On Sacrifice and Honor – “What About” by MRB Chelko

Dear Third Coast Readers,

With Memorial Day approaching on Monday, May 27th, I’ve found myself caught up in thoughts about sacrifice and honor. Not all of society supports the various angles of the military, but I think we can all agree that there is honor in fighting for what one believes in, especially if the cause is noble. Even devout pacifists find alternative ways to stand up for their principles, such as peaceful protests or debates.

Whether the military is ethical or not isn’t the question of Memorial Day. Instead, it invites reflection on our choices and values while honoring those who were brave enough to sacrifice their lives for what they believed in. What would you give up for the chance to spend another day with someone you loved and lost? What comfort item would you forego in order to support an organization you resonate with? What about a healthier lifestyle? Are there any people or causes that you would give your life for?

Today’s poem by MRB Chelko from Issue 48 utilizes careful imagery as a reminder to consider the areas of life that inspire us, giving us joy and passion, from things or feelings that we may take for granted. While the means to obtain freedom, love, happiness, or a better life can be judged in positive or negative ways, there is more honor in passion than passivity.

— Logen Crandall, Editorial Intern

What About

summer? Flies alight in the fruit bowl? A good blue cheese?

What about the body? Tight with post-swim wind? In a towel?

A bath? With crystals?

What about New Mexico? (Its lizards like squirrels?) (Sparse trees like ghosts of buffalo?) Or this place? It’s amazing parallel park jobs? Swift maneuvers? Car-fulls of praise?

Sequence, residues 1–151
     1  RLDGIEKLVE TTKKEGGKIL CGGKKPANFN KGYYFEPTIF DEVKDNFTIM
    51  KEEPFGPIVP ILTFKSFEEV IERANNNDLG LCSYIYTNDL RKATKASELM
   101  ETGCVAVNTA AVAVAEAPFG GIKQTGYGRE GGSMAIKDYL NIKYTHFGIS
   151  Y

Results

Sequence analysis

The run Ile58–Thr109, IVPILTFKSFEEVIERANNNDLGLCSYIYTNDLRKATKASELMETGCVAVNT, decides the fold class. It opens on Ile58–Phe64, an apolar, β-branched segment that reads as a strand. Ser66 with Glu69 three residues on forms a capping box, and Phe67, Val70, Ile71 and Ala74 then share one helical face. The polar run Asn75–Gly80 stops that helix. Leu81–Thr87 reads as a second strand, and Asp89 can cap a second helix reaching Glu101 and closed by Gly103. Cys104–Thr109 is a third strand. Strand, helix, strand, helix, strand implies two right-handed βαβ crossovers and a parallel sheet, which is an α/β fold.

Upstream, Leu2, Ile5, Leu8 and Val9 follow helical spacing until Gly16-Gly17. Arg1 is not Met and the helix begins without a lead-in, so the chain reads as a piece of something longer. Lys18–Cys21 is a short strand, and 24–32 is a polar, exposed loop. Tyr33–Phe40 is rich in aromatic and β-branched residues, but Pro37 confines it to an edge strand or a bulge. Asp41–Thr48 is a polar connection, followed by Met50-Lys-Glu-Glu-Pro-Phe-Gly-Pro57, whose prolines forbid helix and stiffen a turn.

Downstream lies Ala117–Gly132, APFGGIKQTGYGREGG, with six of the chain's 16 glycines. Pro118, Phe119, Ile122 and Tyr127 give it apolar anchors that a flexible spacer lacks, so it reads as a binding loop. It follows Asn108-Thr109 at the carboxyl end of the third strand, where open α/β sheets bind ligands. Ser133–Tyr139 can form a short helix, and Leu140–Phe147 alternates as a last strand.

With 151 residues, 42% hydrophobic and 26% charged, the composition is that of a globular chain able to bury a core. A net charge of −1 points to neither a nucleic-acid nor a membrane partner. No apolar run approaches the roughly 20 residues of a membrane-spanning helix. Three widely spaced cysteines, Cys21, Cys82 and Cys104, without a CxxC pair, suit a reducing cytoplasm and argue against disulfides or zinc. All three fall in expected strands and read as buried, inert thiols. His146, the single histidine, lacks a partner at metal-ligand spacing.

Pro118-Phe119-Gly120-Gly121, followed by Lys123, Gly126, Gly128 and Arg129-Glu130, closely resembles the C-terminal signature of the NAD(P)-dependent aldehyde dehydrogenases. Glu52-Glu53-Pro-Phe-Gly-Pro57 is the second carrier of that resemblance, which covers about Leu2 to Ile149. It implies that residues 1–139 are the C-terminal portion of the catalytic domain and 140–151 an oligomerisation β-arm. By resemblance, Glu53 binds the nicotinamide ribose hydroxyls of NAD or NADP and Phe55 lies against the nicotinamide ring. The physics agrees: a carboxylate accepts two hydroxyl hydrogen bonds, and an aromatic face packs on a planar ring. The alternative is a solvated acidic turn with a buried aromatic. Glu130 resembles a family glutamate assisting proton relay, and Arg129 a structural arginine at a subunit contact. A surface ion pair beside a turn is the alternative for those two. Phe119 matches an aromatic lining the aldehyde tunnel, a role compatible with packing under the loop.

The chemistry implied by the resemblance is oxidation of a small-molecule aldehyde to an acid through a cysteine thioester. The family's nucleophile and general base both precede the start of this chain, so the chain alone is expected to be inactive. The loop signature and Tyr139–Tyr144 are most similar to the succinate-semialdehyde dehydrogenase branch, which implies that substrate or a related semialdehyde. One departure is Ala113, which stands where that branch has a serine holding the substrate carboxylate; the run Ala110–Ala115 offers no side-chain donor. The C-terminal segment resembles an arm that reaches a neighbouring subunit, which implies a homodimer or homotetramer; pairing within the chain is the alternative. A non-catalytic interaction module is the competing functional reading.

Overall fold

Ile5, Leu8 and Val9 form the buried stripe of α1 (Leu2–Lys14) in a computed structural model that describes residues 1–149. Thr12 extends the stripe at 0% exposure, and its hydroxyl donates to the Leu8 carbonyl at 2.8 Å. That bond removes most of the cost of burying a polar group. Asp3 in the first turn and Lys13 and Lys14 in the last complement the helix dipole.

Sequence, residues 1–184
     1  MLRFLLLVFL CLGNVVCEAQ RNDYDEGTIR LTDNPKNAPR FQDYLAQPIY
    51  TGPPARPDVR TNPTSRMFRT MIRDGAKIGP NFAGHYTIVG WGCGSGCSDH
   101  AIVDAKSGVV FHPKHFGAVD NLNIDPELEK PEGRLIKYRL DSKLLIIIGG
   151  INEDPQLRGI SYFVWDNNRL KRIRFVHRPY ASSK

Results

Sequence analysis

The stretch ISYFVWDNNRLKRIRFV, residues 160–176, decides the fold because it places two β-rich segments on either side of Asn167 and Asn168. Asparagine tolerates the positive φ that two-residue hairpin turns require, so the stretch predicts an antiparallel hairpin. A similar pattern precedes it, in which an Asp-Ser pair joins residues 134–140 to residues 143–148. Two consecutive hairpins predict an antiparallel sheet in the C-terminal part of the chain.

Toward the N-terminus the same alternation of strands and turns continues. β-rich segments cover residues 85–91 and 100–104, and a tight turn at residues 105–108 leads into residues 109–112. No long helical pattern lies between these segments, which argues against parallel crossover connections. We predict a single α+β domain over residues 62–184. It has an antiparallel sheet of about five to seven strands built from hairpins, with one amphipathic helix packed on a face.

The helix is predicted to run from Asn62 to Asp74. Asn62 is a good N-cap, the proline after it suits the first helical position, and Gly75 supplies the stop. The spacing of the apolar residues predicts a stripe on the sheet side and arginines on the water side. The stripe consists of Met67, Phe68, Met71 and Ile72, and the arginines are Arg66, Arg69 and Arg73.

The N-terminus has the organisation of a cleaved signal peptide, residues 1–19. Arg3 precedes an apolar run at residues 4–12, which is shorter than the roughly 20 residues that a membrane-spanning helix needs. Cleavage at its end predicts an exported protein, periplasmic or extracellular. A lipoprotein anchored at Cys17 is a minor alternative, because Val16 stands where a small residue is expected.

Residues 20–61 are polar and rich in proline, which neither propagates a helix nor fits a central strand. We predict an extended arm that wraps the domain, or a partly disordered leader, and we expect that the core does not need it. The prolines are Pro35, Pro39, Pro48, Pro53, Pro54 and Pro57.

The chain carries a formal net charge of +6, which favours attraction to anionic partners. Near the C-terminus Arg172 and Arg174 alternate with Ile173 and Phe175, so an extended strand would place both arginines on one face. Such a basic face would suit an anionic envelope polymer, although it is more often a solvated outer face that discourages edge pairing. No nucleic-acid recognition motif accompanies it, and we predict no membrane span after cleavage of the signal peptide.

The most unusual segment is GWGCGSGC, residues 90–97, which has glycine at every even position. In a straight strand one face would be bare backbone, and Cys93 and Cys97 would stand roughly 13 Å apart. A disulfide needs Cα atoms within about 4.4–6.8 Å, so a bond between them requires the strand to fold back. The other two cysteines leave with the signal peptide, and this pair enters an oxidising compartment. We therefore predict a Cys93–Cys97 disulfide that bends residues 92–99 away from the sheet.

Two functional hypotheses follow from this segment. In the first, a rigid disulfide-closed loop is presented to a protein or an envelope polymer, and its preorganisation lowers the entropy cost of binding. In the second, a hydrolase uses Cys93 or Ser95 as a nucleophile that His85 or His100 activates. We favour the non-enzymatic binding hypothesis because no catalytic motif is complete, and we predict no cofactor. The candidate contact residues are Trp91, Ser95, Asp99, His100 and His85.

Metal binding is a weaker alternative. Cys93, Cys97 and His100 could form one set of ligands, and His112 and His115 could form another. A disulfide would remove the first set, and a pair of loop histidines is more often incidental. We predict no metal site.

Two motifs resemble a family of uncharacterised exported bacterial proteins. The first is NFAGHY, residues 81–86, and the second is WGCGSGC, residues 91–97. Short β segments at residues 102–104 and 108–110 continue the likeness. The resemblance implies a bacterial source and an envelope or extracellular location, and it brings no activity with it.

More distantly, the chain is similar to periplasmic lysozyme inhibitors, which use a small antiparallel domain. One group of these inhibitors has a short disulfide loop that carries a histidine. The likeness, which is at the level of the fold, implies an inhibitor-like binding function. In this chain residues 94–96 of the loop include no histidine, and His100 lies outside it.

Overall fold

What about in-season anything? Taut, edge-ripe tomatoes?

Vines in the chain-link? Lush, probing braids?

What about fades? In haircuts? And songs?

And salt? (The way elephants pilgrim to lick it?)

What about calling it fucking and fucking loving it? (That ex who shows up sometimes?) (His bike in your driveway?) (The twine of his arms?)

And arms? Just having them? At least one? To not be a worm?

What about Rome? Piazza boys pressed to some blondies? The way clouds grope a dome?

And grapes? Sliced in quarters? On some toddler’s tray?

What about mothers?

And swallowing mint leaves with water?

And trees? (Aren’t they cities?)

((Just all of it?))


The fat cooking down? Stumbling down the hall? That aroma?

MRB Chelko is the author of several chapbooks including Songs & Yes (2016) and Manhattations (2014), which was selected by Mary Ruefle for a Poetry Society of America Chapbook Fellowship. Chelko’s publications include Bennington Review, Black Warrior Review, Cincinnati Review, Crazyhorse, Gulf Coast, and Poetry International. She teaches in the low-residency MFA program of the New Hampshire Institute of Art and lives in New York City.

Revisiting Issue 52 – “Night Swimming” by L.A. Johnson

Night Swimming

At midnight, the ocean shakes and knives
            drop in the water. Little floods roil
this holy strip of mirrored coastline.
            We come cleanly to the shore, naked.
Our clothes abandoned, the linen
            blooms into soft white flowers.
Briny glass, the water washes over me,
            chill ceremony to my throat.
I dogpaddle to him, wanting to touch his hands. Once,
            I spent all day lying in a field
of clover, sprawled among the green
            with closed eyes. The air thrilled
through my chest like an avalanche
            of words whispered over the telephone.
I waited for something to happen,
            for a hoped-for stranger
to appear from elsewhere and lie
            next to me, lean and tall.
Instead, I listened to the clear floating
            of bees, how they clung and trembled
against each stem and powdery stamen,
            desirous of nothing outside
of their paradise of pollen. Tonight,
            we are two swimmers. A pair
of twins in this mirrorbox of vapor
            and liquid, your leg becomes my leg
kicking off nibbling minnows.
            In the dark, I confuse my lips for yours,
somehow separate but swimming toward you,
            both of us in brilliant, blue motion.
The sea breaks into forbidden laughter, my teeth
            crack in the chill. Our bodies
bend in the division between ocean and sky,
            while all that hungers hums underneath.
Mind blank, tongue curling, suddenly
            I am held within your voice. The water
quiet, we dream of a different shoreline
            where stars rain down on us
our faces upward with awe. Invitation to cascade,